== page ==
By Kim Lyons | Pennsylvania Capital-Star
A group of Republican women lawmakers in the Pennsylvania House announced a package of bills they plan to introduce designed to make changes to sexual harassment rules in state government.
“Sexual harassment is not a political issue, and it is not our intention to make it one,” Rep. Abby Major (R-Armstrong/Westmoreland) said during a Wednesday morning press conference announcing the bills. “Sexual harassment is a workplace issue.”
Such harassment is not usually about sex, but about power, Major added, and leaves victims humiliated and usually stunned into silence. She was one of several women who accused former Democratic state Rep. Mike Zabel of sexual harassment. Zabel resigned in March.
“With more and more women being elected to office in Pennsylvania and more women working here in the Capitol, it is of the utmost importance that we do better,” Major said. “And now with women in charge of both chambers, I think we are finally able to change the culture here in Harrisburg.”
The five bills are designed to reform rules in the wake of the Zabel resignation and following a $295,000 settlement the state paid to a woman who worked for Gov. Josh Shapiro’s former secretary of legislative affairs Mike Vereb. The woman, who the Capital-Star is not naming because of the nature of the allegations, said Vereb made improper, lewd and sexually charged remarks and that the administration’s handling of the situation forced her out of her job.
The settlement payment included about $45,000 from the governor’s office and $250,000 from the taxpayer-funded state Employee Liability Self Insurance Program.
Major’s resolution would amend the House’s ethical conduct rules to include non-verbal acts that could be considered sexual harassment, and expand House rules to prohibit House members from engaging in sexual harassment “while performing House related services or duties or in any House owned or lease property.”
It would also make it easier to appeal an Ethics Committee decision about a complaint if new evidence surfaces after the complaint is dismissed in a preliminary investigation, and provide increased transparency about complaints filed before the Ethics Committee.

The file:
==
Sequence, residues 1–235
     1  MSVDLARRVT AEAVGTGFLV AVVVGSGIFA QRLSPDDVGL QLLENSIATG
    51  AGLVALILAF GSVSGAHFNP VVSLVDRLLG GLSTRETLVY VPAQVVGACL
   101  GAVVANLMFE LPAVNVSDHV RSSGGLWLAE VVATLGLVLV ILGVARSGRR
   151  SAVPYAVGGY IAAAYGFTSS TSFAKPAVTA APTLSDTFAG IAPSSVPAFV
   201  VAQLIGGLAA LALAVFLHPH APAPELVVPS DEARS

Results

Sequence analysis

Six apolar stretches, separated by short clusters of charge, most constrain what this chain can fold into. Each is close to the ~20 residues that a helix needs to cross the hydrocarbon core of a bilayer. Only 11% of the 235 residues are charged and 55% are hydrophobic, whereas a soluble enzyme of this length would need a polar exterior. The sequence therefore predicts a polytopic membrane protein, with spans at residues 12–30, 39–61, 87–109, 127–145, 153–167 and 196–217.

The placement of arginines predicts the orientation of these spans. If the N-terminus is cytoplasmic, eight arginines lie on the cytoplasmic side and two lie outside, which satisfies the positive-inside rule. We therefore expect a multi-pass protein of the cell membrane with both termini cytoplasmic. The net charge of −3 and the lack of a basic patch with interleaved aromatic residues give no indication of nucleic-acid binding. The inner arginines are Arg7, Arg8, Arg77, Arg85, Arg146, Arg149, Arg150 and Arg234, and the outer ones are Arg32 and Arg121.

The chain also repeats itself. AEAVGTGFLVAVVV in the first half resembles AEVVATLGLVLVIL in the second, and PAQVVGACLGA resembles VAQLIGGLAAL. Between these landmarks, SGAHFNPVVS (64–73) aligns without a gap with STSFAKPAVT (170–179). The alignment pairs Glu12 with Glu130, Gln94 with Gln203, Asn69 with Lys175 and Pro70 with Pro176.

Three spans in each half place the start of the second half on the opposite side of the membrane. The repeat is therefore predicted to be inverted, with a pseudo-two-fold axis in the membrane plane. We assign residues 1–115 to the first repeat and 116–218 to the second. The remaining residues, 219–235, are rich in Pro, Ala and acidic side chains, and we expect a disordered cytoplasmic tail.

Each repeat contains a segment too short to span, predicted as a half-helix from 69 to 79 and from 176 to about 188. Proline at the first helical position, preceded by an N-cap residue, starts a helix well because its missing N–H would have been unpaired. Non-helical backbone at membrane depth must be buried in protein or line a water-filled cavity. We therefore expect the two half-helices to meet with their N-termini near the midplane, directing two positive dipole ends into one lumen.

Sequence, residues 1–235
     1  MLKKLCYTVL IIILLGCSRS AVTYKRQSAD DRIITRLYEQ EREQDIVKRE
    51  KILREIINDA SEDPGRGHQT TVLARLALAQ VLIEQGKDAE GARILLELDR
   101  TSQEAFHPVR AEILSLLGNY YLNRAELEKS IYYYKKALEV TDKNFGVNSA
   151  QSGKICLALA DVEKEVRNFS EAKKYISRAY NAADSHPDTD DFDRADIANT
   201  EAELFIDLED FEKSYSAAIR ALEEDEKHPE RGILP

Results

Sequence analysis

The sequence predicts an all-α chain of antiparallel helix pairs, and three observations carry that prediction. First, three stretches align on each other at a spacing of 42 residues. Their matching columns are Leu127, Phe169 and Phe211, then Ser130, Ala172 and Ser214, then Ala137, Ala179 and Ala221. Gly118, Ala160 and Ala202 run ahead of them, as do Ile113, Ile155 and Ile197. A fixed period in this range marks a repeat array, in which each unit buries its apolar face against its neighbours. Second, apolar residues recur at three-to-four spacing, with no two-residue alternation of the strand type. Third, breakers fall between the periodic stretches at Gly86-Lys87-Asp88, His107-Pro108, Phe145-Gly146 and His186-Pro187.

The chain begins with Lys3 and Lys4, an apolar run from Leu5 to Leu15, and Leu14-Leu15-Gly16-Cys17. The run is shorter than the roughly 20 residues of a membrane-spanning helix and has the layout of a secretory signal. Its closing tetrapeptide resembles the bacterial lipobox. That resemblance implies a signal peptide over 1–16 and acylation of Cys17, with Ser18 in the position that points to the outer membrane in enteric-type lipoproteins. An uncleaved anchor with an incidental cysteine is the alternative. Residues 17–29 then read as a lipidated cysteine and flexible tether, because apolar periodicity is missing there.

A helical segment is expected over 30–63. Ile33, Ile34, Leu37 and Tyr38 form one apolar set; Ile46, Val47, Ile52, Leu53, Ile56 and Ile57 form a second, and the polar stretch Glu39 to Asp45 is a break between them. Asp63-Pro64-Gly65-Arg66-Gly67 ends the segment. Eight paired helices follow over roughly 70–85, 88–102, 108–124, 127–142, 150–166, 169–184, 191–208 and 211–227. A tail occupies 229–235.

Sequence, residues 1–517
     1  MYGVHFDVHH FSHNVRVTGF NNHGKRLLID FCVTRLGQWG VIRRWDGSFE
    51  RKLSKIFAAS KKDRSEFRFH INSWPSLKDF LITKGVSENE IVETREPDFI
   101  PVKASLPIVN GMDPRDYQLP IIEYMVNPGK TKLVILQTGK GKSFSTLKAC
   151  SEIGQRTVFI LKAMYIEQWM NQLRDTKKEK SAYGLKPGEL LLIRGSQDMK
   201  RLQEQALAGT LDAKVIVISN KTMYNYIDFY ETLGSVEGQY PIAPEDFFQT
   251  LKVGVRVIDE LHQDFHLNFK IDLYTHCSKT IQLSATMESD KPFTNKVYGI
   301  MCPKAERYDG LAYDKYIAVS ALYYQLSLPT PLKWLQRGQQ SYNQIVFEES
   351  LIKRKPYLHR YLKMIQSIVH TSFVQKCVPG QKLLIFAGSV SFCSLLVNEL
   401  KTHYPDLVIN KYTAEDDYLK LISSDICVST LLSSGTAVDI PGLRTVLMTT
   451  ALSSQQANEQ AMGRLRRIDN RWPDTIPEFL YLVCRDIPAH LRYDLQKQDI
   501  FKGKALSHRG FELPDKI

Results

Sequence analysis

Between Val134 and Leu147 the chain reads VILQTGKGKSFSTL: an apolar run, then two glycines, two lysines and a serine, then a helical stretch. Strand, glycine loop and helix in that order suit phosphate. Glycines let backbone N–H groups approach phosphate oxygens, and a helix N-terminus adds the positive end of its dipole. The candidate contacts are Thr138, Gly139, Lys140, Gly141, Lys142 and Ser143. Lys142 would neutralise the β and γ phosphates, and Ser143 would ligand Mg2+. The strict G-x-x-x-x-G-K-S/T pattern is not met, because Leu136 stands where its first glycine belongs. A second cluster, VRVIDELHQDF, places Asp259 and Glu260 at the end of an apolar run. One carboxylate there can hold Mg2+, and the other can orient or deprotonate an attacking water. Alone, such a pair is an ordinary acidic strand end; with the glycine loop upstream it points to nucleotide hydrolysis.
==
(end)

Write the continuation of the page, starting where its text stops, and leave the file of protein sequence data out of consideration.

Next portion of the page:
Rep. Katie Klunk (R-York) will introduce a bill that would add an exception to the state’s right-to-know law to protect the identities of sexual harassment and sexual assault victims who enter into settlement agreements with a public entity.
In the incident with the woman who accused Vereb, Klunk said she was “stunned” to realize that reporters who submitted right-to-know requests for the settlement agreement under the state’s public records law had access to the accuser’s name. While praising the media for not revealing the woman’s name publicly, Klunk said making the victim’s name accessible “jeopardizes the victim’s safety and their privacy.”
Rep. Charity Grimm Krupa (R-Fayette) will propose a bill that would allow the state to seek reimbursement of the cost of a sexual harassment settlement from the offender.
“As of now, the worst of our public officials feel like they can get away with these disgusting acts because they aren’t footing the bill; the taxpayers are,” Grimm Krupa said. “The cost of their failure to conduct themselves appropriately should not be covered by innocent taxpayers, while these wrongdoers resign and enjoy their taxpayer-funded pensions and salaries.”
A bill from Rep. Donna Scheuren (R-Montgomery), would amend the PennWATCH Act, to include information on each settlement paid to an individual or employee of a commonwealth agency as a result of an action taken by an employee of a commonwealth agency. The PennWATCH website was created about a decade ago to provide transparent monitoring of all state departmental and agency budget expenditures and investments.
And proposed legislation from Rep. Ann Flood (R-Northampton) would codify already existing federal protections into Pennsylvania law, to empower victims and survivors of sexual harassment to speak out without fear of retaliation.
The National Women’s Defense League (NWDL) is a national nonpartisan organization that aims to prevent harassment and protect survivors, with research, advocacy and survivor support. The organization released a report this week on sexual harassment in state government, and found it to be a “pervasive and ongoing” problem, said NWDL co-founder and executive director Emma Davidson Tribbs.
“This isn’t a single-party issue or an anomaly,” Davidson Tribbs said at the press conference on Wednesday. “It is a systemic, under-regulated abuse of power in every state house across the country.”